The soft old music chimed through the houses as the ice-cream man rode into our street; I looked out of the window to see kids already clustering around the old man. They fought to keep their hands the highest and yelled over the top of each other's voices. My own two children came running to me asking for money to buy ice-cream. So I took them out and watched as they went over to the old man, while I stood at the gate. People in the street might have been wondering that I was looking at my kids but actually I was looking at the man.
He passed the ice-cream patiently around with a genuine happy smile on is old and wrinkled face. He'd come to our society daily, in the sweating heat of the late afternoon. And every time I'd see him totally unrushed as he passed ice creams around, all without complaining about the noise, the heat or the questions the kids asked him. I never understood how he could ride that ice cream bike all through the neighborhood working is frail legs and still be pleased.
My kids came to me disturbing my train of thoughts and I sent them in as I saw the old man getting on his bike to go to the next street. He wiped the sweat from his forehead with a rag. I had been mustering up the courage to call him for a glass of juice for the past month, after I heard his story from an old tenant in the neighborhood.
'baba ji! Andar aa k thori dair beth jaiye, mai paani laati hun' (baba ji! Sit for a while, I will get you some water) I told him. at first he looked confused as if he couldn’t believe that someone would call him inside their house. After a couple of seconds he just nodded and then came inside the gate and sat on the garden chairs piled in the shade. I smiled at him and went inside. I returned a few minutes with a glass of juice and a sandwich which I served to him. he kept looking at the plate for a couple of seconds, like before.
'shukria beti' (thank you, daughter) he beamed and said before eating. As I watched him eat, gathering up the courage to ask him some questions I couldn’t help feeling the happiness that filled me. I asked him about his work and family as he ate. He told me he had a son who had five daughters, and he didn’t wanted to be an additional bundle so he had started the job. He said he felt content of all the attention he got here especially from the little kids, even if it was for the ice cream rather than himself. He thanked me when he was done and left blessing me.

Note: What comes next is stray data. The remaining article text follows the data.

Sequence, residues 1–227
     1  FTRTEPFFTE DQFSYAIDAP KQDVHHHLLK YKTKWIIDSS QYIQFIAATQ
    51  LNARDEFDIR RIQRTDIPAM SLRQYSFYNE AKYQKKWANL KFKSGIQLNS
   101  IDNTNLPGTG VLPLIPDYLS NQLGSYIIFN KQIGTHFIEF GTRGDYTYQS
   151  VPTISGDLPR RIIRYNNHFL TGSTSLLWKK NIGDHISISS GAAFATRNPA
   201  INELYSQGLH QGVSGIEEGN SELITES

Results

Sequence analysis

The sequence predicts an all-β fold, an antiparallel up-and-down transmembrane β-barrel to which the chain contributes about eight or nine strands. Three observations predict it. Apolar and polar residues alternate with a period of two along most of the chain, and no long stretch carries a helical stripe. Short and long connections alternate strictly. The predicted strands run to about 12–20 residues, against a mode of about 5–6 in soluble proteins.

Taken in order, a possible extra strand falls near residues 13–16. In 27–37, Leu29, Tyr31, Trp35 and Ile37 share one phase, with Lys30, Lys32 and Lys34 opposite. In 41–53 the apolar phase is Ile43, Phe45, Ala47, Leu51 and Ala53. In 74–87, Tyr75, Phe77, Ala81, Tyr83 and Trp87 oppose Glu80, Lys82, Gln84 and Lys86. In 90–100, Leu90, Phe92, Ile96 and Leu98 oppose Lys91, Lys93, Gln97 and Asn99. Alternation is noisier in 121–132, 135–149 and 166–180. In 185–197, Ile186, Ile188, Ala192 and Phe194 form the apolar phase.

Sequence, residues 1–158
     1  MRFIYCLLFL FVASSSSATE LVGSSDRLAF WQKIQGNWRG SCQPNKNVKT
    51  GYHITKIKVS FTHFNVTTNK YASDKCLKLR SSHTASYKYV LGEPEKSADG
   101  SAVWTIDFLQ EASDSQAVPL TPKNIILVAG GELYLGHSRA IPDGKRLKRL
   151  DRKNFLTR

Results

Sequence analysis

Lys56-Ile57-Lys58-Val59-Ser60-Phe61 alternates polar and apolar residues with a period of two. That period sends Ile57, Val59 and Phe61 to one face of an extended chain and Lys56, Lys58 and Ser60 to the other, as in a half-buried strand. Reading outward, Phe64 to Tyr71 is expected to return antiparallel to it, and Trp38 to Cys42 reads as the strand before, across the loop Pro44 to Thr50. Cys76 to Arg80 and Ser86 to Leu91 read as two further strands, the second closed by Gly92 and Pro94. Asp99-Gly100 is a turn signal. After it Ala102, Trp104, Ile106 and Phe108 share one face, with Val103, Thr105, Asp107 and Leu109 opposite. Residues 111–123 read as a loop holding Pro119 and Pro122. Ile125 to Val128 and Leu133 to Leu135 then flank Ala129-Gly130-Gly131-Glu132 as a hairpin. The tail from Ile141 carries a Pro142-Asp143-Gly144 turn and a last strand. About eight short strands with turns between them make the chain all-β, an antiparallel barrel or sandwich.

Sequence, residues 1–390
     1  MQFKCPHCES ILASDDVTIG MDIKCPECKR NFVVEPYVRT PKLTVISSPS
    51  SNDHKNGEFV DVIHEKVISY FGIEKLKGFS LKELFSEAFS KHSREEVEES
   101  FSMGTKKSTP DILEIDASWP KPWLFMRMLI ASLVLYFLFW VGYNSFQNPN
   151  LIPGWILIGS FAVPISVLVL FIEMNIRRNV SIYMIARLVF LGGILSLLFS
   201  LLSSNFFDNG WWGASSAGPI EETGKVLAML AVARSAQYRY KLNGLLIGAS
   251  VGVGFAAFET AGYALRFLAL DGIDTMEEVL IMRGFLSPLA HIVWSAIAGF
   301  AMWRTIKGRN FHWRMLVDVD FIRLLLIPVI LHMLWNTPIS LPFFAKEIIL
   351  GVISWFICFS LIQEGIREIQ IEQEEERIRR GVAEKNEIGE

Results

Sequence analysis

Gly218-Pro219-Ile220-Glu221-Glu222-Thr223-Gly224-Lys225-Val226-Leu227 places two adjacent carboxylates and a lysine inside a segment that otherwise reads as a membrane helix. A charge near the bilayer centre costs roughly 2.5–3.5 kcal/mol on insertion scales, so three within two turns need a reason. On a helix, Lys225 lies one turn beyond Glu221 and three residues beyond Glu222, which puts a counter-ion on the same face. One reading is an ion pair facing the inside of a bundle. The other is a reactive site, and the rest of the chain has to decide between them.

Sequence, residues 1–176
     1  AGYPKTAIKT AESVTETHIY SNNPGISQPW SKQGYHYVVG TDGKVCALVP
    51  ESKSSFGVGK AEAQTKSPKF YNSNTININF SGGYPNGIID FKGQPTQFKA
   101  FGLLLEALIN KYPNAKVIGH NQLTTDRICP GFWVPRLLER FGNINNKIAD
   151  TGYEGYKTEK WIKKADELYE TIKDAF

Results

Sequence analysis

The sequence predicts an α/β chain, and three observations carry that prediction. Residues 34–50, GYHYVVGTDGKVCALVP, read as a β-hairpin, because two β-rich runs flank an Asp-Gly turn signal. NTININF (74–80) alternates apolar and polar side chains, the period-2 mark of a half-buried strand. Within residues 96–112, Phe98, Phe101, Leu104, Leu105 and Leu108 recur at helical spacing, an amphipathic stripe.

After that I called him in whenever I could and we had a nice chat; He told me when his first grand daughter was married off, when his son got a new job. In that time we shared, we developed a bond. So when after a few months he stopped coming I started worrying. I couldn’t sleep and the next day I heard from the guard that he had passed away, silently in his sleep. I said a prayer for him and cried that day as if I had lost a family member. Because you know what? He had become a friend, a sincere one and till this day I haven’t forgotten the smile on his face as he passed ice cream, Or the twinkle in his eye when he talked of his son, how his face used to glow while he talked of his dead wife.
Once when I asked him if he ever got tired of selling ice-creams? He replied he didn’t because that’s what actually made him happy. It was not a burden for him because he was satisfied with his life.
Not many are like him. We, who have everything; a house, food, clothes keep complaining. And the few we have we are losing them…